Carpinteria State BeachLeave review
About Carpinteria State Beach
Sparkling white sands give way to the Pacific Ocean where the mountains meet the sea here at Carpinteria State Beach, which offers pretty much everything you could ask for in a beach camping adventure. Twelve miles south of Santa Barbara, Carpinteria camping is one of the best ways to take in all the beauty the California coast has to offer. Carve out a spot along the sun-soaked shoreline to warm your bones after a relaxing swim in what is known as California’s safest beach. Grab the paddle of your choice and commune with the dolphins, whales and seals that call these waters home, or take a leisurely stroll along the beach or along one of the dune trails. Stroll through tide pools while keeping your eyes peeled for starfish, crabs, snails, sea anemones, and sea urchins. And look out for seals, sea lions, and the occasional gray whale from December through May. Adventurers looking to catch their own dinner have ample opportunities for fishing and clamming. Those less interested in living off the land can venture on a short walk to town for a restaurant meal. Besides service animals, dogs aren’t allowed on Carpinteria State Beach, and they cannot be left unattended at your campsite, so most furry friends should be left at home. Truly a Southern California experience, get ready to beach it up on Carpinteria’s golden shores.
Take your pick from more than 200 campsites at four different campgrounds: Santa Cruz, San Miguel, Santa Rosa, and Anacapa. Reservations are available between 2 days and seven months in advance. Cook dinner at your campsite’s fire ring and eat dinner at the nearby picnic table. Rinse the salt from your body at the end of a long beach day in the coin-operated showers located at each of the campgrounds. Water, sewer and electric hookups are available at Santa Rosa campground and half the sites in the San Miguel Loop, but the Anacapa and Santa Cruz loops do not have hookups. Carpinteria State Beach also has a hike or bike-in campground available for short stays of one or two nights.
Campgrounds in Carpinteria
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History of Carpinteria State Beach
For thousands of years, the Chumash Indians were the sole inhabitants of this beautiful sea-side valley. Theycalledthearea Mishopshnow, meaning “correspondence,” because it was a center of trade. Soapstone, used for carving effigies, bowls and beads, and wooden vessels, shells and asphaltum (usually referred to as tar) were supplied to nearby tribes in exchange for other goods. The Chumash used the naturally occurring surface tar to attach shell inlays to stone objects, seal water baskets, fasten arrow and spear points to shafts, and caulk their plank canoes (tomols), which were seaworthy enough to reach the Santa Barbara Channel Islands and Santa Catalina Island.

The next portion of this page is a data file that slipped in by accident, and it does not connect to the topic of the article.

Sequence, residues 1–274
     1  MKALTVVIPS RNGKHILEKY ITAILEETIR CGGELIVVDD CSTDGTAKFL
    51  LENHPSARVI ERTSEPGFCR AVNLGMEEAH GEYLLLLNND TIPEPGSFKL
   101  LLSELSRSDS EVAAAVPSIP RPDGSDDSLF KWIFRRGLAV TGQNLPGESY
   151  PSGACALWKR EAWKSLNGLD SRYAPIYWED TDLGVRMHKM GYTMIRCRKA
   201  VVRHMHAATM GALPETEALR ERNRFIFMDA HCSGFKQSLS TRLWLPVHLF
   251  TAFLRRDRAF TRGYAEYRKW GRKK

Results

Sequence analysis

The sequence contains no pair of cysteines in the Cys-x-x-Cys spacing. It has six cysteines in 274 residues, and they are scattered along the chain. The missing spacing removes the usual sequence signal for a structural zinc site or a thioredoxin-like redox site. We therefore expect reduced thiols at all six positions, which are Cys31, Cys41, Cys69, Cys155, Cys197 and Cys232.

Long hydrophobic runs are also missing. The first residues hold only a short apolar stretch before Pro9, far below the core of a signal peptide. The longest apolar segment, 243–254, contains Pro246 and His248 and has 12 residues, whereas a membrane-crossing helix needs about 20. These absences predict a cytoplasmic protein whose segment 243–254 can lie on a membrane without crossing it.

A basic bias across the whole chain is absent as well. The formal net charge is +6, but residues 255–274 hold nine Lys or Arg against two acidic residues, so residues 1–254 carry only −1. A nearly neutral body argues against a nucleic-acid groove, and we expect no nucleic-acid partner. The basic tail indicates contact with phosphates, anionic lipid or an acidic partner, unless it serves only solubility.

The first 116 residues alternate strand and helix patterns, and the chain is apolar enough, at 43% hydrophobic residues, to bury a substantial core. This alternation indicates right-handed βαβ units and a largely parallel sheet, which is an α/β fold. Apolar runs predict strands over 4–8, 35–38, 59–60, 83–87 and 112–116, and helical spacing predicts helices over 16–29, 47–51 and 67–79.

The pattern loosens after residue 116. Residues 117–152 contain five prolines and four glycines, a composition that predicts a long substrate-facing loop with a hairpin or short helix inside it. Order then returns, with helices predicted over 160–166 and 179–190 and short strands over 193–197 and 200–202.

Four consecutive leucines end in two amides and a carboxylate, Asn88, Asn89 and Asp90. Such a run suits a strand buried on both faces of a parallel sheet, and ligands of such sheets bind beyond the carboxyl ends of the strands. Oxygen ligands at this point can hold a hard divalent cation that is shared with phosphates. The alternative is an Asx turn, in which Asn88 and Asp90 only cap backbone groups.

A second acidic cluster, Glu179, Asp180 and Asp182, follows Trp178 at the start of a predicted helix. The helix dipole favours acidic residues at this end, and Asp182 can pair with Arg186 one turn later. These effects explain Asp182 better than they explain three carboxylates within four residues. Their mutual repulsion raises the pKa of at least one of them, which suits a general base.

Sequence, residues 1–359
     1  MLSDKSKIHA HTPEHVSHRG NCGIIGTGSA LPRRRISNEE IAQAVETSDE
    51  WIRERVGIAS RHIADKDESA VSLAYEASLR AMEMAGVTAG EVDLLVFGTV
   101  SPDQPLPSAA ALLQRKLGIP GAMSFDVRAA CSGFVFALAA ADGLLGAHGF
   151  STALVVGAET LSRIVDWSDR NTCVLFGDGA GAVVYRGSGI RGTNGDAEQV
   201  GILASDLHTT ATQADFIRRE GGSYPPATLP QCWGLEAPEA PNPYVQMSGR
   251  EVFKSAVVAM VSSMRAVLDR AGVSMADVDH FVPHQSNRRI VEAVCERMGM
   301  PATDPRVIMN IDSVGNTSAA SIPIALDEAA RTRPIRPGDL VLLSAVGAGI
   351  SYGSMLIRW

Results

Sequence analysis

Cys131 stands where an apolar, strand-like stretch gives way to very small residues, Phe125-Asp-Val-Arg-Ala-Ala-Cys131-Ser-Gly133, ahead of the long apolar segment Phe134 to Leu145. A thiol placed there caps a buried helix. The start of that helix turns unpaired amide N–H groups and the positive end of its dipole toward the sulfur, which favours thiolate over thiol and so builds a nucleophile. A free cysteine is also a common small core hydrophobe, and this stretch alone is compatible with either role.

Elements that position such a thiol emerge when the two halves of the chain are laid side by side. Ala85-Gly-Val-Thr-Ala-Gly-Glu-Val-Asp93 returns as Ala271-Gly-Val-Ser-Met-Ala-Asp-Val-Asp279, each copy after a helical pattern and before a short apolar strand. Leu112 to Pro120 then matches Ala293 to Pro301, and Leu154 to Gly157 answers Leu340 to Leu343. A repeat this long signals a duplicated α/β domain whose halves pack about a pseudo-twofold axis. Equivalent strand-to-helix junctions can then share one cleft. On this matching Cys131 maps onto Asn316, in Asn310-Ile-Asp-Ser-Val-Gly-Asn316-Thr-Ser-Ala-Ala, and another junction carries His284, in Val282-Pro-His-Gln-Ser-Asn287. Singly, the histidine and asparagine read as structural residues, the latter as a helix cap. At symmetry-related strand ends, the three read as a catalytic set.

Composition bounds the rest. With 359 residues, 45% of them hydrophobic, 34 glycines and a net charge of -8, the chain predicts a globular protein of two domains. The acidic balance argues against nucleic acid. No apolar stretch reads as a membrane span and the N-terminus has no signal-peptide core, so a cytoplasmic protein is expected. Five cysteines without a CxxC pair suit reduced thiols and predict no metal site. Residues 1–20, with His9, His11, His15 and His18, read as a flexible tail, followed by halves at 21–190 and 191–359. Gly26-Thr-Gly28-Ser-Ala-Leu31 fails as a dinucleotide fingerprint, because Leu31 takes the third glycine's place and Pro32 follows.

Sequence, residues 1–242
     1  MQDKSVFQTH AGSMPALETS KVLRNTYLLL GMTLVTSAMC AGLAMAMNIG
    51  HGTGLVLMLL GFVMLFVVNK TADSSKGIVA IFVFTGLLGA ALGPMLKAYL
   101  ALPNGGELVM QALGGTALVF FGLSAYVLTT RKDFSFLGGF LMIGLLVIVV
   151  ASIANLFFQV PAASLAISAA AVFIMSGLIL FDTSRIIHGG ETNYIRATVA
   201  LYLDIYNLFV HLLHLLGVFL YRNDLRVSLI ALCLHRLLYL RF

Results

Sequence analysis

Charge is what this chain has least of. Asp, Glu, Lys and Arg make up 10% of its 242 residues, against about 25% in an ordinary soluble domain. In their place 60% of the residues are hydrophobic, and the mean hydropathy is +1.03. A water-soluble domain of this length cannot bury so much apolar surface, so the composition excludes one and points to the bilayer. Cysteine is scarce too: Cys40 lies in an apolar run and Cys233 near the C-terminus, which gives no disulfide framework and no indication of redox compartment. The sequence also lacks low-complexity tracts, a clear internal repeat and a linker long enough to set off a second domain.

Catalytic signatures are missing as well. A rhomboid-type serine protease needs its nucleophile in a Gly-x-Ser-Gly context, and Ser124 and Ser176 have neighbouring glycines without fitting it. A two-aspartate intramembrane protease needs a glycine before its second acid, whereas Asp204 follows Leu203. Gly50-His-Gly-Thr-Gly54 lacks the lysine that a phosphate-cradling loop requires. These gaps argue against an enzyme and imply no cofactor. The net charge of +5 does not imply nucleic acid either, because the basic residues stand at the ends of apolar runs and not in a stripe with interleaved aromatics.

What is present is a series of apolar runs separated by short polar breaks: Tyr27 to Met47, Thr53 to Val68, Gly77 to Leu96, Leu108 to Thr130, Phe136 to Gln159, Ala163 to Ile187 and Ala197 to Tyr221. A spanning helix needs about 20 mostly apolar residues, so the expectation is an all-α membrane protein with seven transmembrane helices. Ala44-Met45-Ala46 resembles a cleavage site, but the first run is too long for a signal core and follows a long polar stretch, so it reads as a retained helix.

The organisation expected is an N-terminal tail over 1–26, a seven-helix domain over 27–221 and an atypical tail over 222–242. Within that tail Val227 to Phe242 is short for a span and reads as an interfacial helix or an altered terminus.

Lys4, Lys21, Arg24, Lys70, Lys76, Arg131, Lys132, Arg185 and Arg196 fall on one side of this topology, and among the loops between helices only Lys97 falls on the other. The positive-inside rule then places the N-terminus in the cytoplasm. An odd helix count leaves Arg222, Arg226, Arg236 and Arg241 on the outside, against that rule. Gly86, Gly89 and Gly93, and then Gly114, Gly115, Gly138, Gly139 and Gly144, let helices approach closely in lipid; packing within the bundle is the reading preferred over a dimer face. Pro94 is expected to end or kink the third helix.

Juan Rodriguez Cabrillo, the first European to have contact with the Chumash people, sighted the village of Mishopshnow in 1542. When explorer Gaspar de Portolá visited the region in 1769, and came upon a group of Chumash splitting driftwood and shaping the planks to form canoes, his expedition named the village La Carpinteria—the carpentry shop. As the Chumash were driven into the Spanish missions, the rapid spread of diseases, harsh treatment by some of the settlers, and the loss of traditional food sources had devastating effects on the Chumash people. Today the Chumash traditions are being rediscovered by many of their descendants.
Natural tar deposits seep to the surface on the coastal bluffs and on the sand at the southeast end of the beach, forming bulging, black mounds. Plant and animal fossils excavated from these tar pits in the late 1920s rival the remains found in Los Angeles’ well-known La Brea Tar Pits. Overtime,area residents have utilized the oozing black tar for a variety of purposes, including the first paved roads in Santa Barbara County. Remaining evidence of asphalt mining can be seen near Tar Pits Beach and the San Miguel Campground loop.
The white, sandy expanse of the Carpinteria shoreline was designated a state beach in 1933. It formally opened to the public on July 4, 1941, following the construction of campgrounds, picnic areas and parking lots by the Civilian Conservation Corps.